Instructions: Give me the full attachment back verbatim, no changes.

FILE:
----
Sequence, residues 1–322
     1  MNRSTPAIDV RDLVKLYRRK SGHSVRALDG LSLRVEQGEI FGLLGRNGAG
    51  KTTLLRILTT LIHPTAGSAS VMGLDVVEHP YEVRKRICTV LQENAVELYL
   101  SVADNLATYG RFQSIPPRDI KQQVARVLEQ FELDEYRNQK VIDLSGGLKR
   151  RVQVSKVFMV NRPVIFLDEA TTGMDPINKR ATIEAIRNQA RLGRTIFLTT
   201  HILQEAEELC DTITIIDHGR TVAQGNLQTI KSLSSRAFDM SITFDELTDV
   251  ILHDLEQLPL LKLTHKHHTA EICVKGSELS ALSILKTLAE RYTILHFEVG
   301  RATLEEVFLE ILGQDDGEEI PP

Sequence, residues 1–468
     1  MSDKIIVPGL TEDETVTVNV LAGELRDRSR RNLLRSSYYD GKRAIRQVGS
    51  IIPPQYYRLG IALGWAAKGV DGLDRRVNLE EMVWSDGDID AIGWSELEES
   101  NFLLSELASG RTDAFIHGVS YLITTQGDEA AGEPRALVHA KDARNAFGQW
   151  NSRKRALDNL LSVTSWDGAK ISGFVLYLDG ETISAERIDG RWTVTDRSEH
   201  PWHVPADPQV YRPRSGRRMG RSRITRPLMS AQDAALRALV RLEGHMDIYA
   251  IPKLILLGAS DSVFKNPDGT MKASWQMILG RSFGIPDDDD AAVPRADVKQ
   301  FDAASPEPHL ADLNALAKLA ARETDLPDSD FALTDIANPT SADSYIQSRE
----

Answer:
Sequence, residues 1–322
     1  MNRSTPAIDV RDLVKLYRRK SGHSVRALDG LSLRVEQGEI FGLLGRNGAG
    51  KTTLLRILTT LIHPTAGSAS VMGLDVVEHP YEVRKRICTV LQENAVELYL
   101  SVADNLATYG RFQSIPPRDI KQQVARVLEQ FELDEYRNQK VIDLSGGLKR
   151  RVQVSKVFMV NRPVIFLDEA TTGMDPINKR ATIEAIRNQA RLGRTIFLTT
   201  HILQEAEELC DTITIIDHGR TVAQGNLQTI KSLSSRAFDM SITFDELTDV
   251  ILHDLEQLPL LKLTHKHHTA EICVKGSELS ALSILKTLAE RYTILHFEVG
   301  RATLEEVFLE ILGQDDGEEI PP

Sequence, residues 1–468
     1  MSDKIIVPGL TEDETVTVNV LAGELRDRSR RNLLRSSYYD GKRAIRQVGS
    51  IIPPQYYRLG IALGWAAKGV DGLDRRVNLE EMVWSDGDID AIGWSELEES
   101  NFLLSELASG RTDAFIHGVS YLITTQGDEA AGEPRALVHA KDARNAFGQW
   151  NSRKRALDNL LSVTSWDGAK ISGFVLYLDG ETISAERIDG RWTVTDRSEH
   201  PWHVPADPQV YRPRSGRRMG RSRITRPLMS AQDAALRALV RLEGHMDIYA
   251  IPKLILLGAS DSVFKNPDGT MKASWQMILG RSFGIPDDDD AAVPRADVKQ
   301  FDAASPEPHL ADLNALAKLA ARETDLPDSD FALTDIANPT SADSYIQSRE